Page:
Why, Forbes, that is a clever theory on "waves of computing" you have there! It reminds us of the theory published last July in competing magazine Business 2.0!
Roughly speaking, the history of computing has unrolled in four major waves....Now comes computing's fifth wave....The fifth wave puts computing everywhere.
The history of high tech is marked by three big waves....Now comes the fourth wave, as computing costs ratchet down yet again.
After the jump, we give the extended version, which shows just how closely Forbes ripped off (or coincidentally and uncannily resembled, at least) Business 2.0.
Business 2.0, July 2005:
Roughly speaking, the history of computing has unrolled in four major waves. The first came in the 1960s, as mainframe computers advanced into the corporate world and became essential business tools. The 1970s saw the wide adoption of the minicomputer. Then came the personal computer in the '80s, followed in the '90s by networking and the Internet, and the spread of distributed computing. Each successive wave of technology brought with it giant leaps in productivity and huge increases in spending. Each transition lifted some companies (think IBM, Microsoft, Yahoo, Google) and swamped those that couldn't adapt (think Wang and Digital Equipment).
Now comes computing's fifth wave. It's different from the sea changes that came before it. For the first time, the shift isn't driven primarily by a single piece of hardware or by how corporations deploy it. Instead, it results from the unprecedented coalescence of three powerful technological forces: cheap and ubiquitous computing devices, from PCs to cell phones to tiny but potent systems that are beginning to show up in everything from bedroom lamps to key chains; low-cost and omnipresent bandwidth; and open standards—not just Linux source code but the opening of other software as well as corporate databases. The fifth wave puts computing everywhere. It offers access to limitless amounts of information, services, and entertainment. All the time. Everywhere.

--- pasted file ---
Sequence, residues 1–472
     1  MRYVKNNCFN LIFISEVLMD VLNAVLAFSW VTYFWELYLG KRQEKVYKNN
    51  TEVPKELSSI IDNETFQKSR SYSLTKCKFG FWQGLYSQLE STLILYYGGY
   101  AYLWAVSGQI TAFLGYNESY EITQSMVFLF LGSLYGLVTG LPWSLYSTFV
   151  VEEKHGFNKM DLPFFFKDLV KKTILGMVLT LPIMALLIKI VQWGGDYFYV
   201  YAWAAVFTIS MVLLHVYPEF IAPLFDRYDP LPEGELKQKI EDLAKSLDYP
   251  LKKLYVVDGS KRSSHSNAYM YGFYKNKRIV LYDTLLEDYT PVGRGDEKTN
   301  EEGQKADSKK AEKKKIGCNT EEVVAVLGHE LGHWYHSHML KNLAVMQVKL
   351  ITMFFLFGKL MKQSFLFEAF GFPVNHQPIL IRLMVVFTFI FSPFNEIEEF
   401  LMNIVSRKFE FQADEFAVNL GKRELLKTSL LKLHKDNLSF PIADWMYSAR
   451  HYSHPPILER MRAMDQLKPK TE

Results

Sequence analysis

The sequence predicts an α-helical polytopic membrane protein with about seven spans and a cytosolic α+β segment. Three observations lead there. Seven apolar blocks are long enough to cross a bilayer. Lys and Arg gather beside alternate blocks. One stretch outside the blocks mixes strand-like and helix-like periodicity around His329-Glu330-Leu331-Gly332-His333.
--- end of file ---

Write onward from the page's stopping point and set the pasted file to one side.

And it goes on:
Forbes's "The New Barbarians...":
Yet the advantages of the Cheap Revolution are so compelling that nothing is likely to thwart this shift—and this time customers themselves are leading the pack. The history of high tech is marked by three big waves. First came mainframes, which ruled in the 1950s and 1960s. They began to give way in the 1970s to the second wave: less costly midrange minicomputers. By the late 1980s minicomputers were being pushed out by the third wave: networks of pcs and Unix-based servers. Each iteration wiped out past leaders and created new giants. Amdahl all but vanished when mainframes collapsed; midrange makers Digital Equipment Corp. and Data General rose to take its place. Then Digital and Data General were wiped out by the likes of Compaq, Dell and Microsoft in pcs and Sun Microsystems in Unix servers.
Now comes the fourth wave, as computing costs ratchet down yet again. Sun Micro and other purveyors of proprietary designs were immune to the threat for years because off-the-shelf chips from Intel and amd weren't yet strong enough to compete head-on. But today's PC microprocessors, lashed together by the dozens, cheaply outgun the specialized chip engines that powered Sun, SGI and others. Linux, the MySQL database and other low-cost open-source software, first created by amateurs, have evolved at Internet speed and are now polished enough to rival products from Microsoft and Oracle. Systems assembled with these elements cost 90% less than last-generation systems, yet can run faster and are more reliable.